A debt-asset swap (DAS) is a debtor’s transfer to a creditor of third-party receivables, real estate, or other assets to satisfy a debt. Debt-asset swaps frequently occur as debtors look to reduce debt by disposing of noncore assets, such as real estate assets and equity holdings in subsidiaries. Distressed debt has increasingly become an advantageous entry point for real estate-related and equity investments.
- Selling them to a third party;
- Putting them into a securitization trust; or
- Posting them as collateral.
The purchase of receivables must constitute a true sale in order to insulate the purchaser from the bankruptcy risk of the seller. However, if the risk of nonpayment is retained by the seller, the transfer is a financing – rather than a true sale – and the buyer would be deemed a creditor of the bankrupt seller.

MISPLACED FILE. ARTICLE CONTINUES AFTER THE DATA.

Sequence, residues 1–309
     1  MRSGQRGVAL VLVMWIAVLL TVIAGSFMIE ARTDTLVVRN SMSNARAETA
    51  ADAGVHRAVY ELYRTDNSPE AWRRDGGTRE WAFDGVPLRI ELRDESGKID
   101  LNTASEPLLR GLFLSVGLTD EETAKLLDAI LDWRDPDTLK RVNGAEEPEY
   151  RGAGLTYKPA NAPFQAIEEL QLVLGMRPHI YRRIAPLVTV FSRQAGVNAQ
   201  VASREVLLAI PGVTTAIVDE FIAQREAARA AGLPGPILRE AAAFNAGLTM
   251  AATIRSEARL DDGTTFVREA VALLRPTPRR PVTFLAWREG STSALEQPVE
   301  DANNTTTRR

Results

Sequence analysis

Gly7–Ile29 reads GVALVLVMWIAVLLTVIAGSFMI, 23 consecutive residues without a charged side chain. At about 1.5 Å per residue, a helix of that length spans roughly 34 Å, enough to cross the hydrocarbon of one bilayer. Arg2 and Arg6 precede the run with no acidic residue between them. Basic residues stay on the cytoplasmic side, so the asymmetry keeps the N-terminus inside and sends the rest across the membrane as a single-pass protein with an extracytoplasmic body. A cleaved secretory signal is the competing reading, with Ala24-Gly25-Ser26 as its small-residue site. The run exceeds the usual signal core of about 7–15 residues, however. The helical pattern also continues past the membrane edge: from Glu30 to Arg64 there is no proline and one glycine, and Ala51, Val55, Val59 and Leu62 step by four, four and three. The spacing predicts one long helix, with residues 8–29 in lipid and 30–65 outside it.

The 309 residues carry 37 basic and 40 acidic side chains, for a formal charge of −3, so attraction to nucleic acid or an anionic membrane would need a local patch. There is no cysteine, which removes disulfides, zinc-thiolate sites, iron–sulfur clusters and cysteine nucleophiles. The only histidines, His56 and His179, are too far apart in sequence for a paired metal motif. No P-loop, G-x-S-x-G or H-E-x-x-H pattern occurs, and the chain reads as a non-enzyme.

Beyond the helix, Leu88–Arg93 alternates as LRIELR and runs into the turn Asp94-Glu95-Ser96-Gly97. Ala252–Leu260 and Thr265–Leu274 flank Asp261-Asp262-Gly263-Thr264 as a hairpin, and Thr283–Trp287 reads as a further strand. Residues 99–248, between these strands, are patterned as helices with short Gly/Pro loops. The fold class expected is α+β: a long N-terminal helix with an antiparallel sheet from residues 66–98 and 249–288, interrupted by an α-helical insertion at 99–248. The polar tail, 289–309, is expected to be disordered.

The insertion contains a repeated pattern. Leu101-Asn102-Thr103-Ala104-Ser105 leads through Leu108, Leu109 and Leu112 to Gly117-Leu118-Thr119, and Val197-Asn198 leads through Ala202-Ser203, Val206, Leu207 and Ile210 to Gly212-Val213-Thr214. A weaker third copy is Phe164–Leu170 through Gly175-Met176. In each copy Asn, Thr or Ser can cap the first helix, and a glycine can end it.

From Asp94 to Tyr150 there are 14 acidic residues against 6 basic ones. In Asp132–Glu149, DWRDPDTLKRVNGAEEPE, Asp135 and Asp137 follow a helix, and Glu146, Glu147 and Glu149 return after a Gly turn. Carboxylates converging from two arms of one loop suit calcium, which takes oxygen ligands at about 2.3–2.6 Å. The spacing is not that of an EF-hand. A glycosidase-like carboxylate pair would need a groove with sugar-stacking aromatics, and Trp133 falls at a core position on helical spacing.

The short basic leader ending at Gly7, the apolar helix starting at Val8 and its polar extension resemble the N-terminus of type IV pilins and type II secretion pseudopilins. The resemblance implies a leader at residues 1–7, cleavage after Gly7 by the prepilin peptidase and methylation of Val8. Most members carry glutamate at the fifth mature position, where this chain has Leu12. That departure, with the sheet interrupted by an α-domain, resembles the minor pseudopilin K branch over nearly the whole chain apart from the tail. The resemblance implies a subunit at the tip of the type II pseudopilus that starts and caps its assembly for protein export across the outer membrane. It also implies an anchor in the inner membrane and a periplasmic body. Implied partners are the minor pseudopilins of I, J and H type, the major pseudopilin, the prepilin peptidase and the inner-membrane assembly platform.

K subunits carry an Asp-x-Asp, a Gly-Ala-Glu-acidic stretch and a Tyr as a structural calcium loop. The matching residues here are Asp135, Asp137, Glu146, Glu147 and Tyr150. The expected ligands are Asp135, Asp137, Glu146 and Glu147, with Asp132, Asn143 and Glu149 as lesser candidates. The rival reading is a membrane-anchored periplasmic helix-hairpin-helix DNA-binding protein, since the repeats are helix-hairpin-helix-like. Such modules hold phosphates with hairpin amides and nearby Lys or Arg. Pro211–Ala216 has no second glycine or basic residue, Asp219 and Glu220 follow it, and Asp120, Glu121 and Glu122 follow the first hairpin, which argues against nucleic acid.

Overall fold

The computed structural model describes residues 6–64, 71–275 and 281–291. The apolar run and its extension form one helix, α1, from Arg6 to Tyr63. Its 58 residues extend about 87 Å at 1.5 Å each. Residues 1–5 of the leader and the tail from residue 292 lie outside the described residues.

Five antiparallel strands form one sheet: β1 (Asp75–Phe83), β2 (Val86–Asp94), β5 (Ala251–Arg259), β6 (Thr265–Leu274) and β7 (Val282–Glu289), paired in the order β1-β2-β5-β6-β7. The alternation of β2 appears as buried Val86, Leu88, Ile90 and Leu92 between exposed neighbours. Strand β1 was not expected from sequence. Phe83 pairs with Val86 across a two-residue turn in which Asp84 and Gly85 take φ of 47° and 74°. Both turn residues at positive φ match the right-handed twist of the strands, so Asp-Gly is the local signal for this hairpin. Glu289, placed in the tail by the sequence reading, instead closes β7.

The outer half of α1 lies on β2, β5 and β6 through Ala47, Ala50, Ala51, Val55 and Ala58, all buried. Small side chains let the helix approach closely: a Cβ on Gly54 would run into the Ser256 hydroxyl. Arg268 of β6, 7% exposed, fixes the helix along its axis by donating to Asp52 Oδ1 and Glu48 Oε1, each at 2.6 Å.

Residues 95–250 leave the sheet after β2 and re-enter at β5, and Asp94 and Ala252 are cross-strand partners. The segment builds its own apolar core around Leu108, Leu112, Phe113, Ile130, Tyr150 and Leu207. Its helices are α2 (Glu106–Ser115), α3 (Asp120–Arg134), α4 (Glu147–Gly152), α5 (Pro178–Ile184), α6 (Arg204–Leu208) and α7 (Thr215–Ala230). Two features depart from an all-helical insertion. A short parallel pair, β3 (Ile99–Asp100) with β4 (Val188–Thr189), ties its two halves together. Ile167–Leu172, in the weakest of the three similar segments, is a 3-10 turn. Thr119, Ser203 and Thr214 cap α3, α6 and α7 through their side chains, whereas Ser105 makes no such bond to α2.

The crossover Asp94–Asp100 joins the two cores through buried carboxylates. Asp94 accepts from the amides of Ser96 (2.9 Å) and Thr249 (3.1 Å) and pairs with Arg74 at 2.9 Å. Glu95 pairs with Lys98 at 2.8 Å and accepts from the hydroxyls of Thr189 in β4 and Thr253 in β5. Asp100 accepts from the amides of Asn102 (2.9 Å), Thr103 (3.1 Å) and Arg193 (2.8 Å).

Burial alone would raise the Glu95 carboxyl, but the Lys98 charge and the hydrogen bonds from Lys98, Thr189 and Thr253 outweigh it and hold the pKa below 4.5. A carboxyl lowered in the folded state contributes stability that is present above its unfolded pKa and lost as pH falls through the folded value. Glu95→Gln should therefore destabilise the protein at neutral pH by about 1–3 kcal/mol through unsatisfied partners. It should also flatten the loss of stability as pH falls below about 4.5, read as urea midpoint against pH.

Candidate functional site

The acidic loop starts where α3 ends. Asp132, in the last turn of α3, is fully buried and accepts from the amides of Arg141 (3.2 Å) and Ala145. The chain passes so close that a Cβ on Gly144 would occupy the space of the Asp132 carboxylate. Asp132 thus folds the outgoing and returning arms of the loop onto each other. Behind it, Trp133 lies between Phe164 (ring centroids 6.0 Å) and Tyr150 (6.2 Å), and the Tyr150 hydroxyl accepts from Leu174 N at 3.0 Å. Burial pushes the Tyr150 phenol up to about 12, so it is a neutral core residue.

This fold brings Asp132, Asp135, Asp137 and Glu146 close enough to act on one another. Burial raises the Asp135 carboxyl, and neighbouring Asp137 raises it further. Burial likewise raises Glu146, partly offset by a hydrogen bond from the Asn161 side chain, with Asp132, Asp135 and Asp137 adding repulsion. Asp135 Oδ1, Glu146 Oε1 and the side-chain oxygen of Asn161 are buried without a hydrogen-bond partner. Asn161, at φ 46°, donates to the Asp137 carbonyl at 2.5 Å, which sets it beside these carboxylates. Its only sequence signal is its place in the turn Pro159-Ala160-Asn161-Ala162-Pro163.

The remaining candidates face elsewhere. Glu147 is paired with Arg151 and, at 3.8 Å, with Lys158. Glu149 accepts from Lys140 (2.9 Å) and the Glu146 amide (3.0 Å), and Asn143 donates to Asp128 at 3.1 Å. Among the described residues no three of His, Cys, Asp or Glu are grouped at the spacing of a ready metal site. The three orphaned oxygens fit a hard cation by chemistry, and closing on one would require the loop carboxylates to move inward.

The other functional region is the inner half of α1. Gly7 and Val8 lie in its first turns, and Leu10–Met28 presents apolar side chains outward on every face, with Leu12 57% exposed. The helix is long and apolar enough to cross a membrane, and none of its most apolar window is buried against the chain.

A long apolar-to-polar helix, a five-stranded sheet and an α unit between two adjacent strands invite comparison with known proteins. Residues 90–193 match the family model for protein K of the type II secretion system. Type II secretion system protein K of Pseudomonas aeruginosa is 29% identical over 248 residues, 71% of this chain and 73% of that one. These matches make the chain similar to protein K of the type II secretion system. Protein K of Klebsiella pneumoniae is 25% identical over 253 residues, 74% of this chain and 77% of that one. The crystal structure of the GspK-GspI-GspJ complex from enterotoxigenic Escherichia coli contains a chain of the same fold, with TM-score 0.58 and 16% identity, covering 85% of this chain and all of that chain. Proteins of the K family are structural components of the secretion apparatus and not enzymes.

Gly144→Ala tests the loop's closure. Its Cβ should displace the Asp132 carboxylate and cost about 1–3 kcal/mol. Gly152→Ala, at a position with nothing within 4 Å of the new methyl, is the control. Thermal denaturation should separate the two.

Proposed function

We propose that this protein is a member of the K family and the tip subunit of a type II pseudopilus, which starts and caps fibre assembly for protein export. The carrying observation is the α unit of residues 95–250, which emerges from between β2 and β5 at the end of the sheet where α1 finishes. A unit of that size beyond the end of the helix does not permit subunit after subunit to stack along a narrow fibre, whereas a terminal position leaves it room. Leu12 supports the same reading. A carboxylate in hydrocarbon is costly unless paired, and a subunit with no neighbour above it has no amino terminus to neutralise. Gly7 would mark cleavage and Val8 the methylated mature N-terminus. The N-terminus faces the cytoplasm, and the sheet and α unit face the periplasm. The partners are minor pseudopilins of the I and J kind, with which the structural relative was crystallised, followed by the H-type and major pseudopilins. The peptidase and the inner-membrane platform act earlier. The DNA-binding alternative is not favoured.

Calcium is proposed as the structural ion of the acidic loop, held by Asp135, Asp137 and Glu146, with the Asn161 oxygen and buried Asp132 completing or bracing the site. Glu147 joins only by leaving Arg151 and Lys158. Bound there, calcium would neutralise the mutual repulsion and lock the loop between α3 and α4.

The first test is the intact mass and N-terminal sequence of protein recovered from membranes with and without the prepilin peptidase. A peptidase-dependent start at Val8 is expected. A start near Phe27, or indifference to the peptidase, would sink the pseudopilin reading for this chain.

|Accounting by Borrower for a Debt-Asset Swap (Example)|
|RealCo and YourBank do a debt-equity swap on 1 March 2017 whereby real estate with a fair value of €1.6m is exchanged in full settlement of a €2m loan obligation. The real estate has a carrying value of €2.1m on the books of RealCo.|
|1 Mar 17||Note Payable to YourBank||2,000,000|
|Loss on Asset Disposal||500,000|
|Gain on Restructuring||400,000|
|To record debt-asset swap by RealCo with YourBank|